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ISO and ASTM define standard for additive manufacturing in construction

Robotic arms and additive manufacturing are transforming how materials are handled and how edifices are constructed. However, as robots enter new environments and undertake new errands, the necessity matures for developers, integrators, and end users to be cognizant of quality and safety prerequisites. The International Organization for Standardization, or ISO, has posted documents to assist them encounter those prerequisites.

Standard defines safe design for industrial end effectors

An example of relevant industrial benchmarks, ISO/TR 20218-1:2018 provides guidance on the safe design and integration of end effectors for robots. It also appends to ISO 10218-2:2011 on how to integrate robots.

The document encompasses collaborative robot applications, where robots share workspace with individuals.

“In such collaborative applications, the end-effector design is of major importance, particularly characteristics such as shapes, surfaces and application function,” wrote ISO.

It emphasized the importance of conducting safety assessments. Even when robots are marketed as collaborative, their payloads or motion may not be.

Safety incidents are rare, but interested parties should execute their due diligence when developing and deploying robots, noted Aaron Prather of ASTM International.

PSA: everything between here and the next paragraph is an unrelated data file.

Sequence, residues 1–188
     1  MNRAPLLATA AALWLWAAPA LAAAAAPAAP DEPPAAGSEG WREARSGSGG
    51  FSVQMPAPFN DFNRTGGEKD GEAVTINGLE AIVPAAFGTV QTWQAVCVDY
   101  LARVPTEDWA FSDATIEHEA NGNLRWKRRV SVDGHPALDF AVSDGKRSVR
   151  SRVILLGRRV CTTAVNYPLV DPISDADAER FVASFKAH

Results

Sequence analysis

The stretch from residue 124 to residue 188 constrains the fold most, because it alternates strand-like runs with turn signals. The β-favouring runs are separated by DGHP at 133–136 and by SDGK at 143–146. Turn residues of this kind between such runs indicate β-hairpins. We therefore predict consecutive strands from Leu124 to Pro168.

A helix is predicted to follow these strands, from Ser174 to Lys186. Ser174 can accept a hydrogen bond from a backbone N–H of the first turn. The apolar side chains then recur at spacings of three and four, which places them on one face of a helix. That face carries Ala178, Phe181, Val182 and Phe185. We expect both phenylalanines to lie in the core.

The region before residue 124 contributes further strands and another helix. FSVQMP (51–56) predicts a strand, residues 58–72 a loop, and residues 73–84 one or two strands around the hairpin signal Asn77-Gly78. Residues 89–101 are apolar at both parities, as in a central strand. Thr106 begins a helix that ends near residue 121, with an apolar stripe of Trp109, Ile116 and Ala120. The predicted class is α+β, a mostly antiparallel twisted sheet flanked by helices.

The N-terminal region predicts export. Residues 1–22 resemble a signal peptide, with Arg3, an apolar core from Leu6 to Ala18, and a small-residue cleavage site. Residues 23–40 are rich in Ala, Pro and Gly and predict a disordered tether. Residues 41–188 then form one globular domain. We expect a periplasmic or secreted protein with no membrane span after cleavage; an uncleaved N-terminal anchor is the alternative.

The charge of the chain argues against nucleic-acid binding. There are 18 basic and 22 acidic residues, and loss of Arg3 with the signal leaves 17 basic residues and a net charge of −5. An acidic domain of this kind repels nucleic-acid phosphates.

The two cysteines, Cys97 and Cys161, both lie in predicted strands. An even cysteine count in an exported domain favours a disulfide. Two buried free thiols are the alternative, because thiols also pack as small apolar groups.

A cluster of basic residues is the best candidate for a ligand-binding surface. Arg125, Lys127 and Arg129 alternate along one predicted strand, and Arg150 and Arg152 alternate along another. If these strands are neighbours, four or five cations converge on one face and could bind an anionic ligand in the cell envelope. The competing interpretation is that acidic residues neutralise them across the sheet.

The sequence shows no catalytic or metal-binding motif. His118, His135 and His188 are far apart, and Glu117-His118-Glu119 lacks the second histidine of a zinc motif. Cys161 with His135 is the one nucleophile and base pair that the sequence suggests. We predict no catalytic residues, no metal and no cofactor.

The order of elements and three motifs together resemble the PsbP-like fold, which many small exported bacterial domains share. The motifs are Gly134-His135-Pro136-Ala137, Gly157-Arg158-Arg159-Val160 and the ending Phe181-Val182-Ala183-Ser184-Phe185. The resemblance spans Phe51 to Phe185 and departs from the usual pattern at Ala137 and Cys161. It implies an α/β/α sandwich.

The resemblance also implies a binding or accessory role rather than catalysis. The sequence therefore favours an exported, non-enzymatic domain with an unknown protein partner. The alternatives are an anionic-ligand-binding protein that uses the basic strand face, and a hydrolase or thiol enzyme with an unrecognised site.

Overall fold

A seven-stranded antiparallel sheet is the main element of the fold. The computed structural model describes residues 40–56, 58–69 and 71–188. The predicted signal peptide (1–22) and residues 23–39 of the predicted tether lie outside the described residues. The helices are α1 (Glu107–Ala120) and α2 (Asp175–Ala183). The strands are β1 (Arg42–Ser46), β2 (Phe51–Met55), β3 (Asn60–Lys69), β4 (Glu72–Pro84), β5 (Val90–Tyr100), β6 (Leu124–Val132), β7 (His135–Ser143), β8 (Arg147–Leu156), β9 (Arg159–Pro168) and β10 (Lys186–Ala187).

ISO and ASTM publish first joint standard for AC

Proclaimed this week, ISO/ASTM 52939:2023 specifies qualification principles for structural and infrastructure elements in additive manufacturing for construction. It provides criteria for additive construction processes, quality, and factors for system operations, as well as processes on a site.

The new standard applies to all additive manufacturing technologies in building and construction of load bearing and non-load bearing structures, as well as structural elements for residential and commercial applications. It does not encompass metals or operational safety.

ISO/ASTM 52939:2023 is the first jointly published standard from ISO and ASTM International, said Prather. Standards bodies typically focus on different technologies, but global cooperation can refine worker safety and product quality, he noted.

“This addresses moving from traditional construction standards and bridging over to additive,” Prather told media. “It could be the first step on many to come.”

The standard is voluntary, and builders must pursue local and regional requirements, noted ISO. In October, ASTM International proclaimed a roadmap for digitalization of the construction commerce.

Additive manufacturing transforming construction

Several enterprises have showcased the potential of additive manufacturing for production-grade elements and 3D-printed edifices. These arrangements often combine concrete extruders with gantry robots or industrial robot arms. There has also been inquiry into employing drones for repair of difficult-to-reach structures.

Possible advantages encompass stronger architectures, less waste of materials, and even reduction in carbon emissions. The global market for 3D printing arrangements in construction is modest but could increase at a compound annual growth rate of 7.8% by 2030, as per Virtue Market Research.

As the construction commerce adopts more automation and robotics for fabrication, infrastructure inspection, and additive manufacturing, standards akin to ISO/ASTM 52939 will be essential to guarantee quality, interoperability and safety across solutions. By unifying around technical benchmarks early on, the commerce can steer clear of proprietary limitations that might restrain widescale acceptance of these next-gen technologies.

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